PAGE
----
“Eurozone to Contract Even Further” – World Bank

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Stock markets in Europe entered the red territory in Thursday trading in response to the latest revision of the World Bank of the outlook in the 17-member single currency union of the Eurozone and of the global economy.

Releasing its Global Economics Prospects, the World Bank said the Eurozone will contract even further – from 0.1% to 0.5% – by the end of 2013, echoing the European Central Bank’s forecast a week ago.

The bi-annual report pointed weak confidence as well as the ongoing restructuring of the banking and fiscal policies and high unemployment as contributing factors to the region’s further contraction in 2013.

Germany’s Dax Performance Index slid 1.4% to 8031.28 points, France’s CAC40 skidded 0.7% to 3,766.09 points, and UK’s FTSE100 lost 1.06% to 6.232.46 points by midday, London time, in reaction to the report.

Less Volatile, But Slower Growth

But whilst the World Bank sees a contraction by the end of this year, it said the region will grow by 0.9% in 2014 and by 1.5% in 2015, which, when achieved will break the chain of the region’s longest recession since its creation in 1999.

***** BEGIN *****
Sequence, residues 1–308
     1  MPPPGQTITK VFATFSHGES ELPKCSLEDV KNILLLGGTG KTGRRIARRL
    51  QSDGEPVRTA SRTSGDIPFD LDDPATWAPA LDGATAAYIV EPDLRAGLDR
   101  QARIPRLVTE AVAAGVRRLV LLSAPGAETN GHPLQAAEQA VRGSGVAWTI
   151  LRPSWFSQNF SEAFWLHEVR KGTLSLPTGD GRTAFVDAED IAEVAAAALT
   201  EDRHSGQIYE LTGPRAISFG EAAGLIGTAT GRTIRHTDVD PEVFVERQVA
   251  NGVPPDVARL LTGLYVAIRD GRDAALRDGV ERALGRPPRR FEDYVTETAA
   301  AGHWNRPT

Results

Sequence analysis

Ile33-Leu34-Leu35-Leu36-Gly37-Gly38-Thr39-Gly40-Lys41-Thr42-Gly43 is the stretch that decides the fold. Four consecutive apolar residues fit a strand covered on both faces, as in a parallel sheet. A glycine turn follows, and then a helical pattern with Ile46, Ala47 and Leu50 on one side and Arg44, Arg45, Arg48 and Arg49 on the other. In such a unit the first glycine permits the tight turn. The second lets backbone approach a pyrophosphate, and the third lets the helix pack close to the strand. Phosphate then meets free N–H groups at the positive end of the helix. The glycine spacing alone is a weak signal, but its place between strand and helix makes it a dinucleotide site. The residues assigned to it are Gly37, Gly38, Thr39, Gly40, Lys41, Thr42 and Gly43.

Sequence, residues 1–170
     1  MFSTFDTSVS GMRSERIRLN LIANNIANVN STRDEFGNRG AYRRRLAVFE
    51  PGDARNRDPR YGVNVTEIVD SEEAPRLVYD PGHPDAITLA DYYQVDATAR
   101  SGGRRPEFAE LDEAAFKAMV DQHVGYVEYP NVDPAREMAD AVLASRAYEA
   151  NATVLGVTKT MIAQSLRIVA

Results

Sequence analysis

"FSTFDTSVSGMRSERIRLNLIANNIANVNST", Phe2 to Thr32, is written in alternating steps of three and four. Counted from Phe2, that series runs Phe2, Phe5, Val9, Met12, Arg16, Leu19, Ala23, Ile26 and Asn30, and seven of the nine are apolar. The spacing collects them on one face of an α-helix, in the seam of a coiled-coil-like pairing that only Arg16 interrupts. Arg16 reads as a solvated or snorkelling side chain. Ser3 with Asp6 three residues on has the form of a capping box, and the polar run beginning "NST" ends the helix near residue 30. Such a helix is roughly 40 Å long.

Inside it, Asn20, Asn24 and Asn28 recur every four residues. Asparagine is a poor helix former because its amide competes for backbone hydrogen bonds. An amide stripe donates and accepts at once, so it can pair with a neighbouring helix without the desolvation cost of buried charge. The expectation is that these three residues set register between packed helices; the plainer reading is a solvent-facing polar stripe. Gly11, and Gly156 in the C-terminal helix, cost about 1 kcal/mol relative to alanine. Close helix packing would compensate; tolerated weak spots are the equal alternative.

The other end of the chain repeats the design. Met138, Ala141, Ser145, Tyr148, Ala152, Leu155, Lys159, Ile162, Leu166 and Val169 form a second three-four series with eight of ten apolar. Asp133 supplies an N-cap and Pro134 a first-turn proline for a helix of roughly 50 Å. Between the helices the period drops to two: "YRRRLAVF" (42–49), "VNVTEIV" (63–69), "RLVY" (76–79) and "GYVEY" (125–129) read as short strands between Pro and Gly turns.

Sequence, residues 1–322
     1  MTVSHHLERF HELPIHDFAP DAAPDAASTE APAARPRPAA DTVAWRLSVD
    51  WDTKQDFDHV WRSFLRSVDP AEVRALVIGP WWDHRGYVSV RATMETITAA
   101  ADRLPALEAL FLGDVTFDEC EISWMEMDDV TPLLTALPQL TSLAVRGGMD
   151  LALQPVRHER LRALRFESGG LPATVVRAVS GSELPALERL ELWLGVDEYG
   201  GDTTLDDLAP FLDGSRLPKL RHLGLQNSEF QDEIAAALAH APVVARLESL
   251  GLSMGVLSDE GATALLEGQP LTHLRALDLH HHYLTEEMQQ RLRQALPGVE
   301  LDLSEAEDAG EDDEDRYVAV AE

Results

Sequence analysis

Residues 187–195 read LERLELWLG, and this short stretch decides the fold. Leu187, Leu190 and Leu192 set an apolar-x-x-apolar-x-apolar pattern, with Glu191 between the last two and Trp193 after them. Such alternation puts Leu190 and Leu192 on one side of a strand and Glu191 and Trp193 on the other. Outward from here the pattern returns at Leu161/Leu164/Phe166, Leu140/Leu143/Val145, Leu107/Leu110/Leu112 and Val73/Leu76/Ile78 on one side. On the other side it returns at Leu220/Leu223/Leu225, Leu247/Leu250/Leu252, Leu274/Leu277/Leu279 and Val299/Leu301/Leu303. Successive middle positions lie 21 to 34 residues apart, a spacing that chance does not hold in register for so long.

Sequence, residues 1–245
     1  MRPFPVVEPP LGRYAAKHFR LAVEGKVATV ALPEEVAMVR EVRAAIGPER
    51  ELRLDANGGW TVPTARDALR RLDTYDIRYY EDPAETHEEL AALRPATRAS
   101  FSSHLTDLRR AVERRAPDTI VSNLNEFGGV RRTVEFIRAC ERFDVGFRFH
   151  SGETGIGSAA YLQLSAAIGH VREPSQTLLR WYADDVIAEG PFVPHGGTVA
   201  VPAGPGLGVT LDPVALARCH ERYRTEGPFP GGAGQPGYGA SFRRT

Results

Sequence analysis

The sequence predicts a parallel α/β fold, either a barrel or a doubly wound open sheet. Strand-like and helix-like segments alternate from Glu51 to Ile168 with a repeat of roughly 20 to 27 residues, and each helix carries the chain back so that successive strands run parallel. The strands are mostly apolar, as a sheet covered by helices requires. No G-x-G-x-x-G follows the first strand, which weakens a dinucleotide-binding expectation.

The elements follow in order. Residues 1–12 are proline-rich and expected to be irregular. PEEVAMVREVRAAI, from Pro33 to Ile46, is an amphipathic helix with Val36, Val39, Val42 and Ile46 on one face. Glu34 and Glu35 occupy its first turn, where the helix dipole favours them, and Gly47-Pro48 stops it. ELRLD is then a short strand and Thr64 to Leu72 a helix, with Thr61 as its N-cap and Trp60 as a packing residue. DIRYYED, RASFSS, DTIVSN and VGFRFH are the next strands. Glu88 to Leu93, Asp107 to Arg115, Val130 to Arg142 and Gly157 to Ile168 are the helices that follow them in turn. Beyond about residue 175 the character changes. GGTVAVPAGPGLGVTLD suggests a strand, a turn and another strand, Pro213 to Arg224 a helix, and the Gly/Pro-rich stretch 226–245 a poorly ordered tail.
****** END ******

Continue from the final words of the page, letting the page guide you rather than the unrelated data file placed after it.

The ECB, in its own forecast released last week, stated Eurozone’s growth in 2014 will be around 1.1% but warned that a weaker domestic and global demand and slow implementation of structural reforms pose a risk of not achieving the targeted growth.

Eurozone’s deeper than expected recession, along with China’s expected decline in growth, also prompted the World Bank to cut its global outlook this year from 2.4% to 2.2%.

“The slowdown in the real economy is turning out to be unusually protracted,” according to World Bank’s Chief Economist and Senior Vice President, Kaushnik Basu, even as “markers of hope” in the financial sector are present.

But the report, nonetheless, stated that the global economy is in transition to a “smoother and less volatile period” with a risk of a major crisis less likely.

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